Education programs and careers

Education is a career choice that never goes out of style. People of all ages have an ongoing need to learn new skills and gain knowledge, and education majors are the logical choice to help meet that need. Today's educators do everything from instructing 1st graders in English basics to helping adults navigate their way around a computer.

Educators aren't just in steady demand. They also may have one of the most fundamentally important jobs available today. In fact, a 2012 study from RAND Education found teachers are the most important school-related factor when it comes to student achievement.

If you've been looking for a rewarding career, it's time to take a closer look at online education programs. We've got answers to all your questions about education degrees and career options.

What types of education degree programs are there?

If you want to major in education, you have a couple different degree options. Which one you select may depend largely on your intended career path:

  • Associate degree: A two-year degree won't let you be licensed as a teacher, but it could be used for jobs such as that of a teaching assistant. Students may also want to earn an associate degree in education to learn more about the field and determine whether it's a good fit for them. Credits from an associate degree can usually be transferred toward a bachelor's degree in education if needed.
  • Bachelor's degree: A four-year degree is the minimum education required by states for licensure as a teacher. Students may be required to major in education and meet other requirements, such as completing a period of student teaching, before being licensed by the state.
  • Master's degree: Although a master's degree isn't required for state licensure, some schools prefer to hire those with an advanced degree and those with a graduate degree may earn higher incomes. In some cases, a Master of Education may qualify someone with a bachelor's degree in another field to become licensed to teach.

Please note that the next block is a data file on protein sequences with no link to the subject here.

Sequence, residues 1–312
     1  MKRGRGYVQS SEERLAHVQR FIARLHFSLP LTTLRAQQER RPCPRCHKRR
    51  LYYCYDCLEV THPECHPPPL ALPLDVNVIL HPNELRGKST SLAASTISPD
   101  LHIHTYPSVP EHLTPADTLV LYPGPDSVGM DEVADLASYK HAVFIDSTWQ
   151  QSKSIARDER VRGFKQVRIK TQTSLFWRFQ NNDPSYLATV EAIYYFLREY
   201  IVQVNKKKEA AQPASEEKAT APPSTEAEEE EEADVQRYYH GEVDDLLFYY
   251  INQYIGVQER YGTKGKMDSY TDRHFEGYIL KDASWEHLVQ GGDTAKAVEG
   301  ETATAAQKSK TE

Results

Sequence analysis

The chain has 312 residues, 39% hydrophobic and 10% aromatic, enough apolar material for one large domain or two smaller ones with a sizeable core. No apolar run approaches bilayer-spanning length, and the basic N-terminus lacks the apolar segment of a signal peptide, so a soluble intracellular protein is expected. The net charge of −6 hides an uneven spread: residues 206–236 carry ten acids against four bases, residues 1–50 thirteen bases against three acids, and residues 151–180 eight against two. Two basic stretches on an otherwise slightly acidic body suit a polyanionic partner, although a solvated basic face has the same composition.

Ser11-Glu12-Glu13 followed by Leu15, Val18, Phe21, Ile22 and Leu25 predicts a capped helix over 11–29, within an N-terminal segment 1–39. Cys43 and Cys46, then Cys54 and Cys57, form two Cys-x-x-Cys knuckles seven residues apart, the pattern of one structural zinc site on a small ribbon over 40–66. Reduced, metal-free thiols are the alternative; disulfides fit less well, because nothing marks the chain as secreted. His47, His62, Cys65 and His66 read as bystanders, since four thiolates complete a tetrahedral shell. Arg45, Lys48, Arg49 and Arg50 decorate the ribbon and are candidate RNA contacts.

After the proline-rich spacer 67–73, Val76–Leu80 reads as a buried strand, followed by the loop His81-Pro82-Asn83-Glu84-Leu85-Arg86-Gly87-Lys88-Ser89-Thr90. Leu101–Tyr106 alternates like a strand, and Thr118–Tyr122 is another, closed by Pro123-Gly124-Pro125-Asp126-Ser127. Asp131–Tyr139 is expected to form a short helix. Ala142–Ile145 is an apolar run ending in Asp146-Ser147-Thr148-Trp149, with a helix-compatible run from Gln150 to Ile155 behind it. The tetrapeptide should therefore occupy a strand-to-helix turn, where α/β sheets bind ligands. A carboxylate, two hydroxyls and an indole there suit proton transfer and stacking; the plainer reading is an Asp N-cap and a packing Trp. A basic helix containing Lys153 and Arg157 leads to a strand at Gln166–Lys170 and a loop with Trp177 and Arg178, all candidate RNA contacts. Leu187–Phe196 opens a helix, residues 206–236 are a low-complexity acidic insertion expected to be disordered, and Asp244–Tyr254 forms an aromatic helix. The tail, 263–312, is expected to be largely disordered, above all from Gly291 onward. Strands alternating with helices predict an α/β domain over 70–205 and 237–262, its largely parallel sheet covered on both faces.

• Doctoral degree: A Doctor of Education may be pursued by someone interested in working at the highest levels of administration (think education administration degrees) or in the field of academic research.

What types of education careers are available?

5 surprising career choices for education majors

Not every education major goes on to become a teacher. Online education programs can prepare students to go on to the following careers as well:

    1. Small business owner: Some education majors may become their own boss by opening an education-related business such as a learning center or tutoring website.
      2. Writer or publisher: Others may develop their own learning materials such as curriculum guides, worksheets and supplemental aids to market to teachers and schools.
        3. Educational consultant: Teachers with years of experience in the classroom may put that expertise to work by providing consultancy work. They may be employed by a firm or work independently to provide schools and teachers with strategies to improve student outcomes. Some may be hired to help homeschooling families.
          4. Sales representative: Education programs may give individuals the perfect background to work as a sales representative for a textbook publisher or similar company.
            5. Instructional designer: Educational programs, including online learning platforms, need designers who can combine education expertise with technological know-how.

              Teaching is the most common career choice for education majors. However, even within this profession, there is a variety of positions available.

              • Teaching assistants: Assistants don't need to have a degree, but they do play an integral role in classrooms across the country. Also known as teacher aides, paraprofessionals or paraeducators, these individuals help teachers, supervise students and reinforce lessons as needed.
              • Preschool teachers: Preschool teachers may not need a four-year degree or licensure, depending on their state or employer. Those who want to work in a Head Start program need at least an associate degree. Teachers at this level may develop and implement a curriculum focused on early learning skills.